“We need all our disciplines in order to understand this.” - Matt Chisholm, Cantina Co-Founder, CEO
To build a sturdy foundation for the next decade, Cantina’s Artificial Intelligence working group analyzed the multifaceted world of AI, and outlined a general approach to it.
The meaning of artificial intelligence (AI) is precisely the sum of its two parts. Something artificial is of unnatural origin, while intelligence is the ability to acquire, retain, and apply information. Thus, the complete definition of artificial intelligence is the unnaturally occurring ability to acquire, retain, and apply information.
Often confused with artificial intelligence, machine learning (ML) is a process by which the behavior of AI changes over time. ML can also refer to the field of study that examines this process.
The typical problems primarily associated with AI are classified as either use or systemic.
A use problem arises when AI applications are abused or falsely promised. Controversy over federally enforced facial recognition is an example of a use problem. How to recognize AI snake oil details how the technology is used for misleading investors and consumers.
On the other hand, poor user experience with voice assistants and chatbots is a systemic problem (as was documented in our previous post that reviews voice assistant developer platforms). In such cases, multiple aspects of the system other than the central learning and inference algorithms create a negative impact. To worsen the matter, “AI” in the proverbial sense, might be used as a scapegoat or to blur the underlying weaknesses.
These two classifications generally persist even as the ability of AI increases. Over time, more powerful AI could be exploited to worse extremes and raise the stakes for swindlers – perpetuating use problems. Higher intelligence can be hindered by faults in its dependencies – continuing systemic problems.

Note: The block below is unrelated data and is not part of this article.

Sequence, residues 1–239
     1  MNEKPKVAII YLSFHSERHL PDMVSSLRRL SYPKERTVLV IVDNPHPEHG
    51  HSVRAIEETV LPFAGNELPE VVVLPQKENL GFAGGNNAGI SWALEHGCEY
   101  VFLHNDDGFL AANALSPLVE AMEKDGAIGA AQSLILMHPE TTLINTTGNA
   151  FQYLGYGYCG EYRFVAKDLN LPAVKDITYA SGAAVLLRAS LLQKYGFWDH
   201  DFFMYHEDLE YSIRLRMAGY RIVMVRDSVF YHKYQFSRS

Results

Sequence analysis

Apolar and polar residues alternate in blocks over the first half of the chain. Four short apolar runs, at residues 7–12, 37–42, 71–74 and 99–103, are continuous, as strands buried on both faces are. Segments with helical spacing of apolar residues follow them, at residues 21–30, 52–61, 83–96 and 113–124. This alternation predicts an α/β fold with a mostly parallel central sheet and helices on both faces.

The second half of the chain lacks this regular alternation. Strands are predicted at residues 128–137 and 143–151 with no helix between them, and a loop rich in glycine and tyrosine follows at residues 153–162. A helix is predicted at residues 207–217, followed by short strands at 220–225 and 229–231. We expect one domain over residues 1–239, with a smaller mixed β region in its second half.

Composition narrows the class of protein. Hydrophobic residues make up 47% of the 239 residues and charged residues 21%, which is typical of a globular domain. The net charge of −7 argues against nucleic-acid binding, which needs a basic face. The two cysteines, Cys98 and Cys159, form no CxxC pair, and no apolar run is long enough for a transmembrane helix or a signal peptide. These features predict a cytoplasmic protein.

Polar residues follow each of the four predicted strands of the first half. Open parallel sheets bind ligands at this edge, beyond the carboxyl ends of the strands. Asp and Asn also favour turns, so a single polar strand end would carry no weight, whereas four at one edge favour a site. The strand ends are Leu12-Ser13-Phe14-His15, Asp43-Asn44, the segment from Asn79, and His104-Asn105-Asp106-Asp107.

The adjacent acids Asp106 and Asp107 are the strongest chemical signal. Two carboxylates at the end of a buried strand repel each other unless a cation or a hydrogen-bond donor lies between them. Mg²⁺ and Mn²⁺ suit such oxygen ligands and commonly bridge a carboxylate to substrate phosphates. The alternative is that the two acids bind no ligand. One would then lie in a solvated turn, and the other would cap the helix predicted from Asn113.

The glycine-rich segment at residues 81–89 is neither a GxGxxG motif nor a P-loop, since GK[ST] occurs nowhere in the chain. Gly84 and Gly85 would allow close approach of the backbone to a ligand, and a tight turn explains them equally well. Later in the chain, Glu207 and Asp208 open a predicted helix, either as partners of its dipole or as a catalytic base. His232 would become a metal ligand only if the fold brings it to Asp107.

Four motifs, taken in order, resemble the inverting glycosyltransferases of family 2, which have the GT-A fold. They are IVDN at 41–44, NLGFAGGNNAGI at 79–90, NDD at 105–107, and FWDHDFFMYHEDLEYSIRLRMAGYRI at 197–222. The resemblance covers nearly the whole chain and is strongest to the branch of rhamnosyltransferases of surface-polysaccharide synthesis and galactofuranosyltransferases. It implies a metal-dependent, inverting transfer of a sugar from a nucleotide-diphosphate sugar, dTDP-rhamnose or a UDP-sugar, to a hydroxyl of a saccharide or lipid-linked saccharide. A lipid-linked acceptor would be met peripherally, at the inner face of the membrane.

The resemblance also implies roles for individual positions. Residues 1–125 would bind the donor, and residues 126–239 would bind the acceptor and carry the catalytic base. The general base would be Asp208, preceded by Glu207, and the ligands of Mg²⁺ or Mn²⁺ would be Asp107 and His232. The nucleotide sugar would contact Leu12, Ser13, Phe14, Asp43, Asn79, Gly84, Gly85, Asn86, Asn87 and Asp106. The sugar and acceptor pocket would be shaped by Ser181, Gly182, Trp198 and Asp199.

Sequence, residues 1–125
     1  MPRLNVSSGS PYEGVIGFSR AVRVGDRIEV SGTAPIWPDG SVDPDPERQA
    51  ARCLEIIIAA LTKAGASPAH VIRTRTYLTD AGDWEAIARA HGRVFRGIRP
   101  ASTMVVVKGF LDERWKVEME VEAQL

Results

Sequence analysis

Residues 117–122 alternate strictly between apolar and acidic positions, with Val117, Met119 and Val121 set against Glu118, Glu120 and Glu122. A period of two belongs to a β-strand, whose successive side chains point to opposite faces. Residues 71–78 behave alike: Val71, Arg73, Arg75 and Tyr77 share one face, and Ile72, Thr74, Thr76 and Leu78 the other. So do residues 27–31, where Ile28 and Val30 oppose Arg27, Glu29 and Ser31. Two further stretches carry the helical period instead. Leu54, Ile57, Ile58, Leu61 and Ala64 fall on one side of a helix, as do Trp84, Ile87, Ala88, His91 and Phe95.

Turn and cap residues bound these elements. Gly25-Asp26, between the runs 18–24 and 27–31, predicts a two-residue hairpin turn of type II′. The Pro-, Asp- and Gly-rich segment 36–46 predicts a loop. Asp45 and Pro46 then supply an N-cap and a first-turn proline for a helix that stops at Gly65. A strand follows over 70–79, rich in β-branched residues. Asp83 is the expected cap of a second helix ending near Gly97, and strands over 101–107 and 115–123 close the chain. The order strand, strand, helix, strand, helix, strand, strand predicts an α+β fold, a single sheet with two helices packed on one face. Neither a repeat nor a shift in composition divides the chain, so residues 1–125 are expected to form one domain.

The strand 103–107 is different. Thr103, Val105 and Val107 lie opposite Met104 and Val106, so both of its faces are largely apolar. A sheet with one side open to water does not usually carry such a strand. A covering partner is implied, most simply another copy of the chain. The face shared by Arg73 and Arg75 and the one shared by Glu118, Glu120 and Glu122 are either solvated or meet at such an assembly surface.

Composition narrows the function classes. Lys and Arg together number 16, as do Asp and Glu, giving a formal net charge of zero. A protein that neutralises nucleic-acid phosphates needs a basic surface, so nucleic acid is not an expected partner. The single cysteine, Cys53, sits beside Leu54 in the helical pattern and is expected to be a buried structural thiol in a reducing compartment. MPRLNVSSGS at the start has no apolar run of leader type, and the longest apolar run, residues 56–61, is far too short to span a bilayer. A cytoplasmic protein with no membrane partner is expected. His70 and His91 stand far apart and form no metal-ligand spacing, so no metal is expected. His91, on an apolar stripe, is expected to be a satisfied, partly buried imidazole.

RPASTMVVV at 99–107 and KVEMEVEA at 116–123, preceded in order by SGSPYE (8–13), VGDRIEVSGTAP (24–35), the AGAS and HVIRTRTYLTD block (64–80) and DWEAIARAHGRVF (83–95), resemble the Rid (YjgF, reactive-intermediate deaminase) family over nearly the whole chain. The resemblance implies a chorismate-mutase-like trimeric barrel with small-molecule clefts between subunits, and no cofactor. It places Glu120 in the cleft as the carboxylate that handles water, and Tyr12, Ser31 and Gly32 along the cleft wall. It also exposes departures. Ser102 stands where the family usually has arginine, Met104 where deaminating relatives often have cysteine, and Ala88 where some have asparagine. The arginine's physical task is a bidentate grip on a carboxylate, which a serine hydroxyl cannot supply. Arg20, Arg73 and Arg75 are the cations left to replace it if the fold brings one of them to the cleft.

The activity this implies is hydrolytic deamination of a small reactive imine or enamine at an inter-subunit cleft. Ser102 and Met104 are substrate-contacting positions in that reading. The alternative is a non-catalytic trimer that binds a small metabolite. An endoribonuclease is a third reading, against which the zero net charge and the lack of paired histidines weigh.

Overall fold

Currently, the precise degree to which raw AI capability will increase in the next century, for example, is unknown. However, attempting to predict the rate of advancement is unnecessary from the perspective of our analysis. The diagram below supports this by showing that many significant use and systemic problems persist into the future regardless of how rapidly AI advances going forward.
Nevertheless, we do believe AI will continue to both exist and advance to some degree, barring any apocalypse, global loss of electricity, or mass information purge by governments.
In short, many of the problems and shortcomings affiliated with AI lie not in the technology itself, but in how it is implemented and managed. Use issues are addressed through organizational policy, education, and regulation. Systemic issues are solved via improved strategy, design, and development practices concerning all system components.
While an agency’s role is clearly not to enforce use solutions, we will continue to advise clients on best practices and remain a thoughtful voice in the community.
On the other front, we are particularly equipped for delivering systemic solutions. Cantina has over a decade of experience working with this technology for Fortune 500 companies and high-growth startups. As just a few examples, we have strategized, designed and built the following for our clients:
- A suite of big data analytics applications that aggregate cancer patient treatment data to help tailor therapy to individuals.
- An application to harness large data sets to help portfolio managers efficiently value, manage, grow and sell assets.
- A personal finance chatbot.
- A voice user interface to seamlessly search through investment options.
The standards that guide our work are tested, refined, and require minimal adjustment per the core technology. All we need to do is calibrate our proven process to the nuances of AI.
Within this idealized framework, a team conducts its work in four phases of iteration – measure, target, explore, deploy.
First, a team measures quantitative and qualitative metrics that estimate value, user friction, costs, and side-effects. This is done to gain an accurate view of reality across stakeholders. Value is subjective of course, but, in general we quantify it as a combination of user count and the product’s importance to users. Friction occurs whenever the user experience is hindered or access to a product is limited. Costs are the resources forfeited by any stakeholder in exchange for the product. Types of costs include financial, environmental, time, and social. A side-effect is an indirect result of the use or existence of the product.
A team should gather information for each of these categories from a diverse set of qualitative and quantitative sources such as logs, database queries, interviews, and surveys. Ideally, there should be a balance of negative and positive feedback among the results in order to fairly verify areas of both success and failure. This also forces a team to find new measurements as the current set becomes homogeneous.